Police use tear gas against abortion rights protesters outside the Arizona Capitol

Police used tear gas to disperse people protesting the overthrow of Roe v. Wade Friday night at the Arizona Senate Building after some of them knocked on the glass doors, an Arizona Department of Public Safety spokesperson confirmed to CNN.

The protest in Phoenix was one of many nationwide protests that took place after the Supreme Court overturned the half-century precedent of Roe v. Wade who protected access to abortion care in the United States. The decision leaves decisions about abortion access to the states.

Video shared on Twitter by Republican State Senator Michelle Ugenti-Rita from inside the building shows protesters with signs chanting outside the gates of the State Capitol and knocking on glass doors. Some lawmakers were inside, working on the legislation.

Tear gas was deployed around 8:30 p.m. from the second floor of the building, the Arizona Republic reported. Hundreds of protesters retreated as tear gas wafted around the Capitol grounds. Lawmakers inside the building could smell tear gas, according to Democratic State Representative Sarah Liguori.

Video shared on Twitter shows the crowd fleeing as police fire tear gas at them from the windows of the building.

Protesters marched to Wesley Bolin Memorial Plaza in downtown Phoenix. Police used tear gas again after a monument was vandalized. The crowd left the area and police blocked access to the Capitol grounds.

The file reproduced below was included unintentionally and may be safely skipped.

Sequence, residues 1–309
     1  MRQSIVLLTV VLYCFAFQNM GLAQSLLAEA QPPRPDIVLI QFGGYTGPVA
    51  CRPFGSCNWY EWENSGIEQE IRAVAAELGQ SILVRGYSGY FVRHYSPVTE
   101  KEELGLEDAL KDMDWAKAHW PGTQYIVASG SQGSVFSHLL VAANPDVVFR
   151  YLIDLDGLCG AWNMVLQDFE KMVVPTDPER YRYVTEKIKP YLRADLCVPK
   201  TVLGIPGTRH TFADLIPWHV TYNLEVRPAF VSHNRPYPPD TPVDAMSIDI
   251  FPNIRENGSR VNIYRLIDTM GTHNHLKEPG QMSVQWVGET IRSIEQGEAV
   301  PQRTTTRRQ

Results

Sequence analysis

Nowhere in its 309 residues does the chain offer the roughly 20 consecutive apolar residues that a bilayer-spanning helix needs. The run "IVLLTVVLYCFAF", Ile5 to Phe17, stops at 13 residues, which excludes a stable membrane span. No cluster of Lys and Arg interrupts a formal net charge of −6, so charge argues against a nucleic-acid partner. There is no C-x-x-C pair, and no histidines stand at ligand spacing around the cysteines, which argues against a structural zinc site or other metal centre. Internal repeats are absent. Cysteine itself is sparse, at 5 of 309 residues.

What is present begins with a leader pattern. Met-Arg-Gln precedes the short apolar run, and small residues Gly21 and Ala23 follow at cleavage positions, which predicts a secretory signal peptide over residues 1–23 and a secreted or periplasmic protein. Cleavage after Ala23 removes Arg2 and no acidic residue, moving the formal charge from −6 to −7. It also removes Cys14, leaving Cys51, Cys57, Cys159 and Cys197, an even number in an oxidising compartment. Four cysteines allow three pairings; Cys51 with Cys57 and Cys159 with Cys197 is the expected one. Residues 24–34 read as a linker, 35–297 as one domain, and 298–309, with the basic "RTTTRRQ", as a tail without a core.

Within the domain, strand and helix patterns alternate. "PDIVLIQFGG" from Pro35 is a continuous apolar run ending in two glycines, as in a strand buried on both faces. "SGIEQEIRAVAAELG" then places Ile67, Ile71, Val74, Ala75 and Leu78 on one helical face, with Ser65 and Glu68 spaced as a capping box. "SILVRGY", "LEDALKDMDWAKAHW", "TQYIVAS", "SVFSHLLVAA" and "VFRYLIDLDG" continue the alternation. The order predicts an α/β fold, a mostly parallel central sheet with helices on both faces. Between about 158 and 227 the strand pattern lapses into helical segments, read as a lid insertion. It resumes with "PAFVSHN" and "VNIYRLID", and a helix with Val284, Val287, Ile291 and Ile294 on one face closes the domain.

It is not known whether any arrests have been made. The Arizona Department of Security did not immediately respond to a request for additional information.

Republican State Senator Kelly Townsend claims lawmakers were “held hostage” inside the building due to protesters at the gates. She then tweeted that everyone was fine and continuing with their work.

The legal status of abortion in Arizona is currently unclear. Abortion providers, including Planned Parenthood, have suspended abortions in the state pending legal clarity. Arizona Attorney General Mark Brnovich says a new anti-abortion law will go into effect in 90 days. But there are competing laws on the books and it’s unclear which law would prevail.

Nationwide protests against the Supreme Court ruling are expected to continue throughout the weekend, with events planned by Bans Off Our Bodies, Women’s March and NARAL.

Learn more about the Supreme Court decision on abortion:



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